Still a Working Woman at 85, the Queen Mother Makes Friends the Old-Fashioned Way: She Earns Them
08/19/1985 AT 01:00 AM EDT
08/19/1985 AT 01:00 AM EDT
Her day begins as it does for many mothers—with a call to her daughter. "Your Majesty? I have Her Majesty, Your Majesty," says the Buckingham Palace operator. But last week Queen Elizabeth II, 59, and her sister, Princess Margaret, 55, beat the Queen Mother to the punch with a message of their own: Happy 85th Birthday, Mummy! They joined her at Sandringham Castle 100 miles north of London, where more than 6,000 rain-soaked admirers turned out to deliver to the birthday girl cards and bouquets picked from backyards across England. Later the Queen Mum attended services at a nearby chapel, where Russian cellist Mstislav Rostropovich, having flown in from Monte Carlo for the occasion, played Happy Birthday. Two days later she was treated by British Airways to a twice-around-the-is-land spin in a Concorde, a jet she had always wanted to fly in.
At 85, England's most popular royal—and Princess Di's onetime etiquette coach—remains indefatigable. She signs up for more than 100 official engagements each year (a schedule she's maintained for 20 years) and is president or patron of more than 300 organizations, as well as colonel-in-chief of 18 regiments. Last month on a state visit to Canada she went, in one day, through two time zones, three walking tours and four airports and finished up at a party. Her philosophy on royal duties: "Work is the rent you pay for the room you occupy on earth."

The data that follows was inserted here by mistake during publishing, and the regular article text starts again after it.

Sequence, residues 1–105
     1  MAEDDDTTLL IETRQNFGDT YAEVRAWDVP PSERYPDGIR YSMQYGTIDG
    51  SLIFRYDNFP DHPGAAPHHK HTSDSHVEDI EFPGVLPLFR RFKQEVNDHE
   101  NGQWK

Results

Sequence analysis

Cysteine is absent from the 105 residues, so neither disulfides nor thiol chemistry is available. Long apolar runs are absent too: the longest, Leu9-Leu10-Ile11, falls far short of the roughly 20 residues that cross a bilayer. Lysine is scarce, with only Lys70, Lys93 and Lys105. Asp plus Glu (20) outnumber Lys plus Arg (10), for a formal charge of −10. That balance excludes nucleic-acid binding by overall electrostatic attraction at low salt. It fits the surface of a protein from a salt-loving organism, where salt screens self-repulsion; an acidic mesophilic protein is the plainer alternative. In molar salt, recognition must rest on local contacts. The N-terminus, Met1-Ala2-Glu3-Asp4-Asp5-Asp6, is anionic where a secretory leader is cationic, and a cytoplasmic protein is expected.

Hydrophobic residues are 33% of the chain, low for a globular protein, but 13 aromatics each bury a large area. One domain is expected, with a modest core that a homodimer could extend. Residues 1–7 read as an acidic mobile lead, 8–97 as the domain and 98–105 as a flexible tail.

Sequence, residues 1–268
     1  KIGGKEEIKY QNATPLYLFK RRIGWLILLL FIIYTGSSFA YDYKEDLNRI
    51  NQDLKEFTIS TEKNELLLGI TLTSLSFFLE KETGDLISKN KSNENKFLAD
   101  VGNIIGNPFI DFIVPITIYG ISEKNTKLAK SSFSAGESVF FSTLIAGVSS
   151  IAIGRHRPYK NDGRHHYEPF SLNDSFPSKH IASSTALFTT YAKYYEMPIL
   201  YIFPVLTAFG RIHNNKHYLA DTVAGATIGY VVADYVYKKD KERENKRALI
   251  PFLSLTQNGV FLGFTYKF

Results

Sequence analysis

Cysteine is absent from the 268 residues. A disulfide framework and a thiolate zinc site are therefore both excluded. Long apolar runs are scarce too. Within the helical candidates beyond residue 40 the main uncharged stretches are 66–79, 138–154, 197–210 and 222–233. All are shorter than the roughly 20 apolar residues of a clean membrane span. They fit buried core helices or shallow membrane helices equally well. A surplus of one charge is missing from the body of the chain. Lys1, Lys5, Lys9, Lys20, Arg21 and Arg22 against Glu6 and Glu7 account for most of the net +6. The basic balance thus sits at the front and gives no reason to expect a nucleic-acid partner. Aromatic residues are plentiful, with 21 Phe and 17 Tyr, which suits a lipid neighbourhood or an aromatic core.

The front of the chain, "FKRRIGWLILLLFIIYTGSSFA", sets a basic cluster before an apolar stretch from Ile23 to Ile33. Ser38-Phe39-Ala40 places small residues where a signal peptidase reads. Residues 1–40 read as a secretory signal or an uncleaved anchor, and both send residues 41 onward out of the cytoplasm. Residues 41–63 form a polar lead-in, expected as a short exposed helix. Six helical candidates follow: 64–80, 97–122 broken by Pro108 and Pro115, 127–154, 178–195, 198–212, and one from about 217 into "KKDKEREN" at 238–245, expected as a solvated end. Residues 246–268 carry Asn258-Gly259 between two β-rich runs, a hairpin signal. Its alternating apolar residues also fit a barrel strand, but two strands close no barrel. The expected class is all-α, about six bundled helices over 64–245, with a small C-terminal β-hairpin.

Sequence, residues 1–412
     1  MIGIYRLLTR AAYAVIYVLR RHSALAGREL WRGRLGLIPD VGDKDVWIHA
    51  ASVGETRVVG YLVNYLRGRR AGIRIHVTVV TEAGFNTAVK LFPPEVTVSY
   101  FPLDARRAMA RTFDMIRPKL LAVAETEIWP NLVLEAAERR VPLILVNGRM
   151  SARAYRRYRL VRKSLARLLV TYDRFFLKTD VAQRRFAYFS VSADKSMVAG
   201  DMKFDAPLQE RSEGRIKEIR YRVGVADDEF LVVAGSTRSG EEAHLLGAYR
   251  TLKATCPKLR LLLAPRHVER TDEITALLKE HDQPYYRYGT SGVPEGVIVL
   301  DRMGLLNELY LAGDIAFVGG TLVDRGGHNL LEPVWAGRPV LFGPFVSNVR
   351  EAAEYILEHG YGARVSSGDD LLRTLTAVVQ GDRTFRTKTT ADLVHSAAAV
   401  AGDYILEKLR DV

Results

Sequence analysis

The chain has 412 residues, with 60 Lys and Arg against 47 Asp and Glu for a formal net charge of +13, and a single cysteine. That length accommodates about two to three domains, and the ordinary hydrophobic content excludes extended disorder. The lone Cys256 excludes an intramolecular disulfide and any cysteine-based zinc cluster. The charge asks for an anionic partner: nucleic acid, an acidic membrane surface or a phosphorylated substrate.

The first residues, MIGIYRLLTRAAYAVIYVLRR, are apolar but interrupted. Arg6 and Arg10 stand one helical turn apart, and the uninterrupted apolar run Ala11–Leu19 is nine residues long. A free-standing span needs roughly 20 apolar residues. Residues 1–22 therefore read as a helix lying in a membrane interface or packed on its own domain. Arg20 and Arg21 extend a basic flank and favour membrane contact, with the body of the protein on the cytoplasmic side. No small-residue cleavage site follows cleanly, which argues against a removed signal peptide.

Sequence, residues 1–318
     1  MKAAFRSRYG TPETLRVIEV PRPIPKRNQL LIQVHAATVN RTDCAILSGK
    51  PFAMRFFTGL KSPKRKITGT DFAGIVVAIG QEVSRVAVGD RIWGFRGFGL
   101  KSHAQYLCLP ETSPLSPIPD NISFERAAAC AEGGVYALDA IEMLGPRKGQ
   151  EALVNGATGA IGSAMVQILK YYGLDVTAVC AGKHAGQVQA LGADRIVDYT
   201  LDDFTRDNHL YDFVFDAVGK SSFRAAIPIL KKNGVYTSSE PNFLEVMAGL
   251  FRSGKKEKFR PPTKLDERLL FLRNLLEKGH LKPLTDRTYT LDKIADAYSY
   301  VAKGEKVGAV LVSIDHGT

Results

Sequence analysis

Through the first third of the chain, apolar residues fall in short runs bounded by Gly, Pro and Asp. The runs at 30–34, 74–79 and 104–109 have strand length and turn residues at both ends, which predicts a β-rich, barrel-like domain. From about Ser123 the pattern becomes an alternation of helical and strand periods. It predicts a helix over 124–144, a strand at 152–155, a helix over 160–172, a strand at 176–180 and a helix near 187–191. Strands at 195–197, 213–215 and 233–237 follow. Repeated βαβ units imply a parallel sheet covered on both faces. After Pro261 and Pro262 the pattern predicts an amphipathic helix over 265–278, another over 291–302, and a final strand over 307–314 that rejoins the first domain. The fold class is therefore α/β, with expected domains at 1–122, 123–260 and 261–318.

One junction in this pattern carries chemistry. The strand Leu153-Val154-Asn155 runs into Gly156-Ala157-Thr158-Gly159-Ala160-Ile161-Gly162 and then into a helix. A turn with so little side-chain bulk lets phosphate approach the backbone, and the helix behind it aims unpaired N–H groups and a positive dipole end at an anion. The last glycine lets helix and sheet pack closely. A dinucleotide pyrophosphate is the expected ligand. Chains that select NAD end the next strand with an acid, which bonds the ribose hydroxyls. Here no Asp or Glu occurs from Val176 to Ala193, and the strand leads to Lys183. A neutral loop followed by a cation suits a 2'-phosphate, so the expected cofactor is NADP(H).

It was 48 years ago that the former Elizabeth Bowes-Lyon, then the Duchess of York, was dismayed to learn that her husband, Prince Albert, would ascend the throne because his older brother, King Edward VIII, was abdicating to marry American divorcee Wallis Simpson. "An intolerable honor," was the way Elizabeth put it, fretting that Albert, who succeeded as King George VI, was not healthy enough for the job.
During World War II she stood fast, making the courageous decision to keep her family at Buckingham Palace although it was hit by German bombs nine times. She decided to retire from public life after the King's death in 1952 and her daughter's ascension. But Winston Churchill rousted her out, insisting she return.
Unlike the other royals, the Queen Mother frequently jokes with the press and does not hesitate to tweak her daughters. Lunching with Queen Elizabeth, she was reportedly surprised when her daughter, who normally doesn't drink, asked for wine. "Are you sure you should, dear?" teased the Queen Mum, who enjoys a midday gin and tonic. "After all, you have to reign all afternoon." She can also carry a grudge. She is said still to be annoyed with Jimmy Carter for bussing her at a 1977 meeting. "He is the only man since my dear husband died," she says, "to have kissed me on the lips."
The Queen Mother awakens each morning to the sound of bagpipe music (she has a recorded collection) and reads four newspapers before meeting with her private secretary. Together they sift through the 40 or so invitations she receives daily. On the rare occasion when she is lunching without family or friends, she snacks with the staff at Clarence House, her London residence.
Her biggest pleasure comes from horse racing. She is so devoted to the sport that she had a "blower," a device used by bookmakers to provide live race commentary, installed in her home. At any one time, the Queen Mother owns about 10 horses; over the years, her mounts have won 350 races.
It was suggested after her husband died that the Queen Mum be appointed Australia's or Canada's Governor General, a ceremonial post, but Elizabeth II nixed the idea. "Oh, no," she said. "We could not possibly do without Mummy." Nor, it seems, would anybody want to.